HCM CITY — Urban planning must be improved in HCM City as climate change, unpredictable weather changes and high tidal levels have caused more flooding in the city.
|Nguyen Huu Canh Street in HCM City is flooded due to high tides. The city is being urged to improve urban planning. — VNA/VNS Photo Hoang Hai
Dr Luu Duc Cuong of the Institute for Urban and Rural Architectural Planning said that weak planning and poor decisions had led to an increase in flooding.
Much of the city, which has a capacity to absorb 50 percent of water falling on it, has been covered with cement, reducing water-absorption capacity by 13 per cent.
Cuong, quoting figures by Dr Ho Long Phi, deputy director of the city's Steering Committee on Flood Prevention, said the total area covered with concrete in the city had risen from 6,000ha in 1989 to 24,500ha in 2006.
Development in lowland areas occupies thousands of hectares of land that could be reservoirs for containing rainwater.
"Urbanisation within the last 14 years has filled up 14 canals covering an area of 16ha and more than 7ha of Binh Tien Lake, one of the key containers of rainwater," Cuong said.
Assoc Prof Nguyen Trong Hoa, director of the city's Institute of Research and Development, said forecasts on the impact of climate change must be included in any master construction plan.
Hoa said that residents often moved to higher land to escape flooding, but the changes in residence were not monitored carefully by the city. This interferes with the city's goal to reduce the population in the city centre.
As part of its flood-prevention plan, urban planners want to reduce population density in the centre, which consists of districts 1, 3, 5, 10, and parts of Binh Thanh. In the future, District 2 will be included in the official city centre limits.
Urban planning for the city centre also includes dredging canals and removing industrial facilities to reduce greenhouse-gas emissions.
However, experts have pointed out that building has developed at a faster pace than planning, and projects designed to prevent flooding, dredge canals and remove industrial facilities to outer city limits were lagging behind as well.
Tran Chi Dung, director of the city's Department of Construction and Architecture, defended city planning, saying that most construction proposals included measures to adapt to climate change.
Prof Le Hong Ke of the Institute for Environment Research and Sustainable Development said the city should develop specific standards to adapt to climate change.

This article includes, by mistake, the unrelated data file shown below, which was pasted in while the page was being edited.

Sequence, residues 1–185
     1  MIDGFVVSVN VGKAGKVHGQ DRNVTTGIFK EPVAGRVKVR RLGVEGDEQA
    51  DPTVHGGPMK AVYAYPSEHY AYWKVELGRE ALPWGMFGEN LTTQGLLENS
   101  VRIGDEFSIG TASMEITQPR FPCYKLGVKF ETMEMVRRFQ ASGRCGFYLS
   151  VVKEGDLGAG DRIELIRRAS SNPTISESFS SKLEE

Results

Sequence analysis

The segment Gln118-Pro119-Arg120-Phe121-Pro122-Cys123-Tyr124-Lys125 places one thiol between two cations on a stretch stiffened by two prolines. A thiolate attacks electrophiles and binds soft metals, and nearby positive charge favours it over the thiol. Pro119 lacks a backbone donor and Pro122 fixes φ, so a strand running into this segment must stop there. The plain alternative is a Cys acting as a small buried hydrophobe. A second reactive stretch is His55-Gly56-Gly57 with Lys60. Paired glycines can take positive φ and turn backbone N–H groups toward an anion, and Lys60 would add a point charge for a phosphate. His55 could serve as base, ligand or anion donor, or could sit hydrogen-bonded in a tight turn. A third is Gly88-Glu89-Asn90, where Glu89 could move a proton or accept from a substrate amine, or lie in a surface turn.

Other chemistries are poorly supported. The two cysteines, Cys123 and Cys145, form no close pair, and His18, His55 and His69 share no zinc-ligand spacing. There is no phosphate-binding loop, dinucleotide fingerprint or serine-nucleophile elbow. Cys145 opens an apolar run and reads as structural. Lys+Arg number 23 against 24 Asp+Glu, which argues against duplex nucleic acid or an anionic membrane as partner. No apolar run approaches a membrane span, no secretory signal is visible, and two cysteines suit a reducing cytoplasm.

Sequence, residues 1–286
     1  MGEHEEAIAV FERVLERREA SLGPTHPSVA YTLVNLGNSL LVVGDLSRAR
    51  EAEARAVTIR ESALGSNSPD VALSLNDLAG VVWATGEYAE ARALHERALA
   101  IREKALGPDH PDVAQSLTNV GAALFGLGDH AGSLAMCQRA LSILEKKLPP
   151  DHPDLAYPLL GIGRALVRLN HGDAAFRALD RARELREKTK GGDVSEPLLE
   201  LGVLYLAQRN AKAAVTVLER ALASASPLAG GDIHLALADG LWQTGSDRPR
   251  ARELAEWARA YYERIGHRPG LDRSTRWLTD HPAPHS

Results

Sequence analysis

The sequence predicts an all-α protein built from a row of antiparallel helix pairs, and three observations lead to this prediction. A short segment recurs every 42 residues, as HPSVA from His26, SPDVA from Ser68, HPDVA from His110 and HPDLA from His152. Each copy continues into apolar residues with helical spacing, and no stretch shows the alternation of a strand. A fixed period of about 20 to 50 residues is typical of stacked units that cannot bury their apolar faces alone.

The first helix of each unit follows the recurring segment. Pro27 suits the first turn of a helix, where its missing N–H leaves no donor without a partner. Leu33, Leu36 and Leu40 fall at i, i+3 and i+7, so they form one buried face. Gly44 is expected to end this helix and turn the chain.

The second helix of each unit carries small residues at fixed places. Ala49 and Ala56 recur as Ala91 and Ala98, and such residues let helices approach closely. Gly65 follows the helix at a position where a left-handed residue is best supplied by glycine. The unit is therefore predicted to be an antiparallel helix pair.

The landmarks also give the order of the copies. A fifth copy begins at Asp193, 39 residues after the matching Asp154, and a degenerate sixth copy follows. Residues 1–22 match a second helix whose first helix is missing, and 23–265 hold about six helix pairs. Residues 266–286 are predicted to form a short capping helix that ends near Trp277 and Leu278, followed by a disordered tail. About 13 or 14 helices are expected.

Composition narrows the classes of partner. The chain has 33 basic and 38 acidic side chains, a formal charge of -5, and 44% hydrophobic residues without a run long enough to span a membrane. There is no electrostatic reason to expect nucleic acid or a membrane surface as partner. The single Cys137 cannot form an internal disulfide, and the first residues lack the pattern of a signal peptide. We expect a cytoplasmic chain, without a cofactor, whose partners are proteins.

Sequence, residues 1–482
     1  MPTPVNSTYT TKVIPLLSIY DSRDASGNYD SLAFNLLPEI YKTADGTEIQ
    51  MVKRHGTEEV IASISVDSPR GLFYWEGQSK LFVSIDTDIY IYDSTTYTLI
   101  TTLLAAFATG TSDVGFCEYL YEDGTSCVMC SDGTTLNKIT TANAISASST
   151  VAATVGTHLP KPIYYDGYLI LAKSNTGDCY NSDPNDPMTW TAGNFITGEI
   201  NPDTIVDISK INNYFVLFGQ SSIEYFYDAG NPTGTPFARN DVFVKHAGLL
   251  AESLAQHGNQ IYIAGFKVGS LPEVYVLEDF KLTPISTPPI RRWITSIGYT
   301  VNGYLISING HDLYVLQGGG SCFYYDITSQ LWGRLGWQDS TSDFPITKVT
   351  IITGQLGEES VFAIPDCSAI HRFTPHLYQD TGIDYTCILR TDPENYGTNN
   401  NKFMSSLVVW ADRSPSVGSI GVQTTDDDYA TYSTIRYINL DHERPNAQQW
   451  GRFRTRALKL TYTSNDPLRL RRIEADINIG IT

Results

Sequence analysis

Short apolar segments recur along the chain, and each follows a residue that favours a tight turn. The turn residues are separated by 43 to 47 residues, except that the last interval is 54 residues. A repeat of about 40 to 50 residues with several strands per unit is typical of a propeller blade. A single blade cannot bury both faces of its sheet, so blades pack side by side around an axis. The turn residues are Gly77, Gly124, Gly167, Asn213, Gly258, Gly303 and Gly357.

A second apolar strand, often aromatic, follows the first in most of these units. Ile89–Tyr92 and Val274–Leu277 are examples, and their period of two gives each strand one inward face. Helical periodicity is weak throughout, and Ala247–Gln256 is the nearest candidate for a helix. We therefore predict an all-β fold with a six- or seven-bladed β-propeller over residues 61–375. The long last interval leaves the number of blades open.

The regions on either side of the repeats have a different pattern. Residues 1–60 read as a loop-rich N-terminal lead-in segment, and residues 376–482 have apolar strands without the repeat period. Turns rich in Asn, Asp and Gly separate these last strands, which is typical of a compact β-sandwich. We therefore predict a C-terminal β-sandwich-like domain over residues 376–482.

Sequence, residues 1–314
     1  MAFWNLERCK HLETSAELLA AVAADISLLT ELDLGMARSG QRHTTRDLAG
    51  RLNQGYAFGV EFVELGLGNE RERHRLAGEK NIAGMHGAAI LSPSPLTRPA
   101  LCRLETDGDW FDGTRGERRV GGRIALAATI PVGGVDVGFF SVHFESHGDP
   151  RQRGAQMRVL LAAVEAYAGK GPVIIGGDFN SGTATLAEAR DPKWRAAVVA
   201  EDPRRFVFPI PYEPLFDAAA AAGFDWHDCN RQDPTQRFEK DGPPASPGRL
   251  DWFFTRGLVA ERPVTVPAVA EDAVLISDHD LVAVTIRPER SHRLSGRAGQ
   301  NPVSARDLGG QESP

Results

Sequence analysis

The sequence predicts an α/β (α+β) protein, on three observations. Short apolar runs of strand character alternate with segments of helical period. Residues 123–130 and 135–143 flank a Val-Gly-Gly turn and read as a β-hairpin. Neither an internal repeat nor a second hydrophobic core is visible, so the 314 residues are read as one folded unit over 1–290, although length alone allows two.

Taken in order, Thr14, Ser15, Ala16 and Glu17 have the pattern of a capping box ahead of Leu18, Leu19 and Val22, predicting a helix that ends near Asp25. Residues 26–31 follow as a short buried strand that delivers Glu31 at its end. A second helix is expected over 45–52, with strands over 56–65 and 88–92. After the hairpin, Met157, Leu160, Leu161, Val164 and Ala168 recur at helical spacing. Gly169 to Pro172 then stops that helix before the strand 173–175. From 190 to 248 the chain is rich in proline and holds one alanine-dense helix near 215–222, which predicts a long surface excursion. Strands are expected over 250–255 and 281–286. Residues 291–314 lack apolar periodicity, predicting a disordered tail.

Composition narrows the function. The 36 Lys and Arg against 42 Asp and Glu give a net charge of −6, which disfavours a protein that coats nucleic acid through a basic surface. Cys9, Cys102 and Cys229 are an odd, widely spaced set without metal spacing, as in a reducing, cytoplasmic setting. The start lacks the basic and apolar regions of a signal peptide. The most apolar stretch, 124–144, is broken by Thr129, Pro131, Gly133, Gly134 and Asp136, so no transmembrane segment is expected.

The height of building foundations should be increased by 10cm or 20cm, he said, adding that the city should also identify lowland areas that could be used as reservoirs.
Ke said that green spaces should also be developed in line with policies on flooding prevention and climate-change adaptation.
Climate change is causing a lot of difficulties for low-lying regions and adapting to the phenomenon is an urgent task that requires global co-operation, Rotterdam Mayor Ahmed Aboutaleb said at a seminar in HCM City yesterday.
Aboutaleb has been on an official visit to discuss with his local counterparts the progress made since last year when HCM City and Rotterdam began an intensive co-operation programme to promote sustainable and climate-proof development.
Experts at the seminar on "Water involved challenges in urban development" said that climate change was posing serious challenges to HCM City in maintaining economic growth as well as the safety of its residents' living environment.
They said rising seawater had directly impacted its road network, flooded the city and limited its ability to provide fresh water because of increased salination.
Senior experts from both Holland and Viet Nam also agreed that despite certain similarities with cities like Rotterdam, HCM City needs climate change solutions that meet its specific needs.
Nguyen Van Phuoc, deputy director of the municipal Natural Resource and Environment Department, told the seminar that the city has a detailed plan to cope with rising sea water and climate change problems.
The two cities are working together to apply Rotterdam's experience in "harbour-related activities to the sea" an extension of port systems; and "redevelopment of inner-city harbour areas," the seminar heard. — VNS